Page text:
Letters and Postcards
From the same book, “Messenger’s Bag”. I know some people love these things.
There’s something about this style, not sure what exactly. And I definitely like the colors. PS: This one is from 1985, not 1925. I zoomed in, trust me. :)
This is the funniest one, just look at the lion’s face! Isn’t it hilarious?
Doctor Aybolit (Doctor ‘Ouch-It-Hurts’) is a Russian children’s novel by K. Chukovsky and it’s loosely based on the stories of Doctor Dolittle. (wiki ref.)
A group of cloned firemen wearing baggy uniform. Everything around them is orange-ish, so I guess they enjoy walking into the fire. It might as well be a propaganda poster, the idea of which is that firemen fear nothing! Nevertheless, I like how these guys are illustrated. Do you?
The Steadfast Tin Soldier
This is the cover for Russian adaptation of ‘The Steadfast Tin Soldier’ by Hans Christian Andersen.
On the Tales Street
This one is special as it was made in my hometown, a few decades ago. Not only I like the illustrations but I’ve also made a color palette for future references, and you should do it as well! Unfortunately, this is the only illustration in the book, there are no others, not even black-and-white.
Cheerful Youngsters Gang
I like this overall simplicity and limited color palette. By the way, they say limited number of colors are supposed to train your problem-solving ability.
I wouldn’t sleep well if I avoided posting this piece. It’s for all retro-futurism lovers, myself included. I already see the modern take on this one, which I will do when time permits.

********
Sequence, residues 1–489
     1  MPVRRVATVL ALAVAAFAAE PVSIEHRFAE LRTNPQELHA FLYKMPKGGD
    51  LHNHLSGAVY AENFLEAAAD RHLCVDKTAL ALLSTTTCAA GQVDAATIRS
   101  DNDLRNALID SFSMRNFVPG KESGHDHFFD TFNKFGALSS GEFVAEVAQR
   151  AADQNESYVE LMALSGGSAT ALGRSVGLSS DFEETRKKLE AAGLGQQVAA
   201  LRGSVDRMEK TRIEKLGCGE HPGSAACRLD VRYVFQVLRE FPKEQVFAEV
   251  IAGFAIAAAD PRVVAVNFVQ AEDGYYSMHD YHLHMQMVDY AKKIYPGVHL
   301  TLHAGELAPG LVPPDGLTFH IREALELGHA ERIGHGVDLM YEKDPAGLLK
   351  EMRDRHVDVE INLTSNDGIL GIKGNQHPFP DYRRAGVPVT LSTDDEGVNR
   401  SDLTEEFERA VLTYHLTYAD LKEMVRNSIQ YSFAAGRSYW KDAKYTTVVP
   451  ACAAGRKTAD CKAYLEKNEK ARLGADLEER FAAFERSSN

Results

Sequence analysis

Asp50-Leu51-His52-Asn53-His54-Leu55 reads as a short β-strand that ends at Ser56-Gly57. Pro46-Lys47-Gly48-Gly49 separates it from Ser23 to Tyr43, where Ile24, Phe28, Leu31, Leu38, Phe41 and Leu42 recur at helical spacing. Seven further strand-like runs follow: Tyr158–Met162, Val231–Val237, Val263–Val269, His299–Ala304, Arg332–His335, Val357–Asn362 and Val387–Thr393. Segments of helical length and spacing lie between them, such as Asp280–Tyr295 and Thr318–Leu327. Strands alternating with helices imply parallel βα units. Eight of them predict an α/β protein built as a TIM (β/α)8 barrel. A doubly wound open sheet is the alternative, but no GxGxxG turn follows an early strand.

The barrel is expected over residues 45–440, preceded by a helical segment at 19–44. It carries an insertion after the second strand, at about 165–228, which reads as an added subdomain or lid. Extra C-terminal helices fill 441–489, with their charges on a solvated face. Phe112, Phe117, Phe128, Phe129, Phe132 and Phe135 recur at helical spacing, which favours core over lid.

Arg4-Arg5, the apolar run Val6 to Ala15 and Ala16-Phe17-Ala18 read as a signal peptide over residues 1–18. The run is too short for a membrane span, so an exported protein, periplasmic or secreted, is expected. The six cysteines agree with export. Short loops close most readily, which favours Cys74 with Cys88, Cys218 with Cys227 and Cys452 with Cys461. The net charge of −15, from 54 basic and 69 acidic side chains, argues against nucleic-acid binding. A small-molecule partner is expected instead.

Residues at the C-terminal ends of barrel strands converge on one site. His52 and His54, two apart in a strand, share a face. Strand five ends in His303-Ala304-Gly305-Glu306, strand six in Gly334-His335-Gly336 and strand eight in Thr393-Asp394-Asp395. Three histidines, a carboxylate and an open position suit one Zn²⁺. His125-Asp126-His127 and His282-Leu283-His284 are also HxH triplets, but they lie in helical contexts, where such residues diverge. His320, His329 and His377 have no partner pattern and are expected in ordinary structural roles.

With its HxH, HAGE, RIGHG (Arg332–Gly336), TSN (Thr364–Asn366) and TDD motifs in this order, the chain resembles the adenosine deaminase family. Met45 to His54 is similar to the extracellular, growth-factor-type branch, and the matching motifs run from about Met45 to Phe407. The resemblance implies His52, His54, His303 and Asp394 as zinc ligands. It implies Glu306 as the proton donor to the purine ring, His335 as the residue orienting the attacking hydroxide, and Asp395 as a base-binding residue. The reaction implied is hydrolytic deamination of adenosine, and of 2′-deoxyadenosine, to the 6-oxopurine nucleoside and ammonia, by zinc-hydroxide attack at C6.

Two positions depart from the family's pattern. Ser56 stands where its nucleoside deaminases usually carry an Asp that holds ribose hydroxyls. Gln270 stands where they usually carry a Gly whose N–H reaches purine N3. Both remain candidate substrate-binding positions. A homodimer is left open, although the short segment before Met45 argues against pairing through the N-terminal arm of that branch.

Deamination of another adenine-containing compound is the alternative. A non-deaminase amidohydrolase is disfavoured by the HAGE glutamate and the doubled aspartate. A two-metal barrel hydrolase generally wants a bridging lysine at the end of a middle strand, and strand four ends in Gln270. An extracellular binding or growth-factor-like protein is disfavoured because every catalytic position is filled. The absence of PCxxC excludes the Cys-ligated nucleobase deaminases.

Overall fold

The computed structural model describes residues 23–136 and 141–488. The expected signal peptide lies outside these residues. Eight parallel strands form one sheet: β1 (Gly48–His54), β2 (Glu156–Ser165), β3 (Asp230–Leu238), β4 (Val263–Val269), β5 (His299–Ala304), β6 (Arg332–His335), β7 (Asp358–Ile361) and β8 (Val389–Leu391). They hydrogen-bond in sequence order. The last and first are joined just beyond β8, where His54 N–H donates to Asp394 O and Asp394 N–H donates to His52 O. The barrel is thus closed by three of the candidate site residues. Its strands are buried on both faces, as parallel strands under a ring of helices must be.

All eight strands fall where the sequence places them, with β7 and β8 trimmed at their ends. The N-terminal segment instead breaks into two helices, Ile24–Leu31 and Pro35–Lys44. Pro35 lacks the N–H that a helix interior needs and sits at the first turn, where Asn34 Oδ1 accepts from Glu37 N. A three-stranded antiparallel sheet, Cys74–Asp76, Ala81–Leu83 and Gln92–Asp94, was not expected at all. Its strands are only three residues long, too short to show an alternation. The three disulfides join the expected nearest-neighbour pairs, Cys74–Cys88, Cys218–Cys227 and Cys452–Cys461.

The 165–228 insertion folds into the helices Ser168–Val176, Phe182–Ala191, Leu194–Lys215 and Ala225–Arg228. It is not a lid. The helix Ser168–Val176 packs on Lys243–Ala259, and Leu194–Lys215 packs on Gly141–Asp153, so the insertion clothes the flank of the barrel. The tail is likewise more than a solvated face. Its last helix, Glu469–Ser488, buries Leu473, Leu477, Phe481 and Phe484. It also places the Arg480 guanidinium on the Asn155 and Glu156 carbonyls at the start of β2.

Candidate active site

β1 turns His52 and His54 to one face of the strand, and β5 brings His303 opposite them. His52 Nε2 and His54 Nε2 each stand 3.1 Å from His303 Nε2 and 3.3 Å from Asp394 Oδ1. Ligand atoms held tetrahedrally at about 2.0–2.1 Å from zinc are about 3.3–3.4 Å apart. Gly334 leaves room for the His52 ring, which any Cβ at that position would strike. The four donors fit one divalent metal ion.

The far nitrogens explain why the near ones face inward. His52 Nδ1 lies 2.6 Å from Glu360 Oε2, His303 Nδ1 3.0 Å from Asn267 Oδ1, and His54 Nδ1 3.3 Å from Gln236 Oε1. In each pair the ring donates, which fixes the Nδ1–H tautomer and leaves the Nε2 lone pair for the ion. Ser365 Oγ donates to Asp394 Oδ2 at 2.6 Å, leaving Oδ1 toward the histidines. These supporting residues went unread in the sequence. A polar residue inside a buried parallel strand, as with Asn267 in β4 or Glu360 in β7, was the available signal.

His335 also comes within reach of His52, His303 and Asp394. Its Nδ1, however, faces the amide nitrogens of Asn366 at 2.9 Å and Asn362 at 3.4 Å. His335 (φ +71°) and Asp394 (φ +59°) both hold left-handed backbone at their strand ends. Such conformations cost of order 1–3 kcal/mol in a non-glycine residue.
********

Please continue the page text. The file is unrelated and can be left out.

What I like here is the calligraphy and colored text.
‘Noddy’ is one of the most colorful books I’ve had. Each chapter of it has a beautiful title illustration and here are some of them:
Look at that funky blue elephant, or at the barking dog. Too awesome. Monkey’s lips are a little weird, though. :)
This one has the most detailed illustrations. I really really like this style and most of all I like the feathers!
Tell Us Some Story Mr. Perrault
One of the Charles Perrault‘s books adaptation has this typical Cyrillic style of type. Pretty nice.
What’s left of a book. Looks like nothing special, but I like its colors and the layout.
Maybe someone will find it useful. I’ve also made this pattern for photoshop, not seamless actually, but the seam is not visible if you don’t zoom in. :)
Download it here.
The Most Awesome One
As title suggests, this is my favorite scan. It was made in late 80s but looks rather modern, doesn’t it? First thing to grab my attention was the pattern on the clouds – I’m sure you notice this style a lot these days – and it’s amazing. Another thing is the bushes on the left! Their leaves, to be exact. They’ve instantly reminded me of Michael Spitz‘s logo, which is one of my all-time favorite logos.
That’s it, this is all I wanted to show you in part 1 of this showcase. If you have a minute, leave a comment telling us what you think. I hope you find some images inspiring or at least funny. :)
Stay tuned for part 2 next week as I need some more time to scan in the rest of the books.